Friday, July 30, 2010


Parliamentarians ask for his prosecution. Something unusual may be about to happen in Benin where two members of National Assembly, which is the legislative body of the country, have written a letter to the Speaker asking him to convene the Parliament for a session over the possible prosecution against Boni Yayi. Boni Yayi's Government is alleged to be involved in a financial scandal. 

Since the beginning of his presidency in April 2006 an organization named ICC service, which was suppose to be an NGO, has been promising high interests rate to people in return of collecting their savings. ICC Service is said to have collected billion of CFA francs from Beninese. Many among the civil society and in opposition have always tried in vain to call upon the government to take action. 

However, early this month, the government could not remain insensitive to the growing pressure coming from both the National Assembly and the people who could not be in possession of their savings. The Interior Minister, Armand Zinzindohoué known to be a close ally of Boni Yayi was thrown out of the government. He was accused of giving protection to the ICC Service executives. Later he was arrested and released but is still held in house confinement. Boni Yayi wrote a letter to National Assembly’s Speaker urging its members to allow the prosecution of the former Interior Minister before the High Court of Justice. This Court is the only body which, according to Benin constitution, is able to prosecute high officials accused of committing wrongdoings during their time in office. Attorney General was also arrested. 

Yet, there is a widespread sentiment that the President Boni Yayi and his entourage have been deeply involved in this scandal and have been doing all they could to survive politically by making some other high officials scapegoats. During a session held by the National Assembly this month, opposition fiercely criticized the government for failing to protect people’s savings and properties and for indulging in suspicious relationships with criminal groups. 

Now, two National Assembly members, Sacca FIKARA and a former ally of Boni Yayi still member of the ruling FCBE, Janvier YAHOUEDEOU write a letter to Speaker inviting him to convene a session on the issue. Both Parliamentarians think that there are enough charges against Boni Yayi for him to be prosecuted by the High Court of Justice. If this request is favorably considered by the National Assembly, it will be the first time in Benin history since the start the democratic process in 1990 that a President comes under charges before the High Court of Justice.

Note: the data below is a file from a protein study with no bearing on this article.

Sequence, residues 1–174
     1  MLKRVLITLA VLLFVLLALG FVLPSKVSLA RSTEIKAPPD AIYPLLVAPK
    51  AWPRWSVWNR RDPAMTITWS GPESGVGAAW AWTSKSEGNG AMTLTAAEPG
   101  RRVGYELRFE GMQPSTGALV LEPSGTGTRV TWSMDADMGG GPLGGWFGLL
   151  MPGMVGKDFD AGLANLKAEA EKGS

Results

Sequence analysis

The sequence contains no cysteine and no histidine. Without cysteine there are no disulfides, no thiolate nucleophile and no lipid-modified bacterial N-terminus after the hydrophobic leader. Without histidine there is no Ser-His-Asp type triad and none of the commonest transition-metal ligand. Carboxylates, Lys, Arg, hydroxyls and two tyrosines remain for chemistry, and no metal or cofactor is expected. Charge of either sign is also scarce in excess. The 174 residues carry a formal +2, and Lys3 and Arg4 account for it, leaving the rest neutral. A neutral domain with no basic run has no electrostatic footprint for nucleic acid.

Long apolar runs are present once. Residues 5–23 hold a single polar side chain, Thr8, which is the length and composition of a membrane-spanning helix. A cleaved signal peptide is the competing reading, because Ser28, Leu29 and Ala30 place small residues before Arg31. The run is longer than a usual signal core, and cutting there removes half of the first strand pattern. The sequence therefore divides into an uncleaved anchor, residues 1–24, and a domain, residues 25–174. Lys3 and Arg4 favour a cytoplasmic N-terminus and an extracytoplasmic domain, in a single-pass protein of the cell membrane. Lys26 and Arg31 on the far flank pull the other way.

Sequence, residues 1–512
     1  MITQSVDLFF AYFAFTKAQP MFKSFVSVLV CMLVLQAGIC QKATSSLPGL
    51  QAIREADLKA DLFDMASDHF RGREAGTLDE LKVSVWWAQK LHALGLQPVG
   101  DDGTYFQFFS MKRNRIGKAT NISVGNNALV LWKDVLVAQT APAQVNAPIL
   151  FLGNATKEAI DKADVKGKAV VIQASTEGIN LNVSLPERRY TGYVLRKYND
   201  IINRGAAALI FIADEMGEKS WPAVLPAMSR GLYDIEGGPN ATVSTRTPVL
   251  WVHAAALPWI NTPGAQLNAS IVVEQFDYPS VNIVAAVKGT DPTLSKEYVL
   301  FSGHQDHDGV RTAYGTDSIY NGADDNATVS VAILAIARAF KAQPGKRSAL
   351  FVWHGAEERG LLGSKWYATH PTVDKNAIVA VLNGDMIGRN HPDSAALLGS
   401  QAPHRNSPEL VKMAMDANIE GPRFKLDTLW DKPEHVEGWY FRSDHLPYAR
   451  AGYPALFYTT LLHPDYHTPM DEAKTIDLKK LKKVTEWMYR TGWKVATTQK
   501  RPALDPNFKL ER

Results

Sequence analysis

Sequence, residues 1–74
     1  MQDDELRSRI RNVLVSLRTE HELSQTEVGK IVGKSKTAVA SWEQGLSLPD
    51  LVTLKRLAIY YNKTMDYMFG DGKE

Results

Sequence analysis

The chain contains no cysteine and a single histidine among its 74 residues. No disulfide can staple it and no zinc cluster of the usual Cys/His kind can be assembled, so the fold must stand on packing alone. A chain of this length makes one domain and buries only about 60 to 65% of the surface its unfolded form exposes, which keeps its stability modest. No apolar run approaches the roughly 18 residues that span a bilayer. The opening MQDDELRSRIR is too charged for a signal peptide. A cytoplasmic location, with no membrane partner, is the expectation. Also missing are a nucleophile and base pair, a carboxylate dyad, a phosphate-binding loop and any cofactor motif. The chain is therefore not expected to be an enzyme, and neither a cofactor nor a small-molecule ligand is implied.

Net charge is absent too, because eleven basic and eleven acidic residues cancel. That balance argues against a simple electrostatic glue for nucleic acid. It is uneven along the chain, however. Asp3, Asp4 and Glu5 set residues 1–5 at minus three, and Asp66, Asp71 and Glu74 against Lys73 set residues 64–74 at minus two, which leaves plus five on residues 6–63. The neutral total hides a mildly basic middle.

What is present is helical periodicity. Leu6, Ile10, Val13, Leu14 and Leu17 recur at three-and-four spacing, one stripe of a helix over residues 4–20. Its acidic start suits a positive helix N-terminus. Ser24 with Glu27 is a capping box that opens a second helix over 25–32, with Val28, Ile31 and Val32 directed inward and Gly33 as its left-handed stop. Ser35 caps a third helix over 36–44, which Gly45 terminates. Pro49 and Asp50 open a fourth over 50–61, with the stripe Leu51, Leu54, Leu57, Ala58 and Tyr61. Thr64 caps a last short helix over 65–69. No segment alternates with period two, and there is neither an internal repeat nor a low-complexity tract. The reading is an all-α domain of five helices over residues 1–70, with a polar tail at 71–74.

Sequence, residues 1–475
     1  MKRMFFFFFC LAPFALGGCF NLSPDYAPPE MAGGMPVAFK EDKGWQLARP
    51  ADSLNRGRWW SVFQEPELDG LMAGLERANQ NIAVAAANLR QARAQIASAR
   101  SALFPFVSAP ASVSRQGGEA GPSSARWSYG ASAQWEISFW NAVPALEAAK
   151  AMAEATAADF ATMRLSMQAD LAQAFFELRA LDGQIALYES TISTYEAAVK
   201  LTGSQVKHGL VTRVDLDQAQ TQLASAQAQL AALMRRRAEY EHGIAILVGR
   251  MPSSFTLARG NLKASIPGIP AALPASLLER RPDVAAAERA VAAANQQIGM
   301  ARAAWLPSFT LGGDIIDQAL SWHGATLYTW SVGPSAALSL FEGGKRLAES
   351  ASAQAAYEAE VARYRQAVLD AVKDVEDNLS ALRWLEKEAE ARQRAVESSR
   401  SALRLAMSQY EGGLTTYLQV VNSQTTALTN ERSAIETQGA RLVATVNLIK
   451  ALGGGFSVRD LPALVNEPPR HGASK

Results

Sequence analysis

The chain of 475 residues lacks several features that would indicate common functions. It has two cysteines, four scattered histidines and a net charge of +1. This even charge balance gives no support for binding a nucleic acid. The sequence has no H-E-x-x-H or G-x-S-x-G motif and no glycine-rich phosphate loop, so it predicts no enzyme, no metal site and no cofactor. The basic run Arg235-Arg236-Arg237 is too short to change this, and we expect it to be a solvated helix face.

Tuesday, May 11, 2010


While developed countries that are the most responsible for climate change have been bracing themselves for alternative policy on industrialization and on issues such as transport, consumption and so on, developing world has been waiting for developed one to finance its policy aiming at reducing greenhouse emission. Copenhagen climate summit’s failure indicates that Africans’ expectations may never be met in a near future. In that case, what should the policy of African governments be? Benin, is one of the African developing countries which are going to be hit the most by the potential disasters resulting from global warming, yet has still been relying on cotton production as her main export goods causing more damage to the environment.

Cotonou, Benin biggest city in terms of demography is the scene of smoking motorbikes and in the farmlands in northern region, wildfire made to prepare lands for farming is common despite the growing concern about global warming resulting in serious environmental damage. It looks like neither the ordinary citizens nor the leaders in Benin are aware of this challenge facing the world.

In Benin, people still believe that witchcraft and sorcery can provoke the drop of rainfall. This may be the reason why the reduction in the rain causing the domestic foods production to fall does not seem to worry people as it should.

FAO Regional Conference for Africa (ARC) 26th Session, which was held in Luanda (Angola), from 3 to 7 May 2010, pointed out the threats facing the developing nations of Africa. According to the report issued by FAO, African countries will suffer the most from the global warming. The severe drought, the rise of sea level may lead to the disappearance of large portion of fertile lands. Land disputes or conflicts generated by this environmental damage will put instability and peace in jeopardy.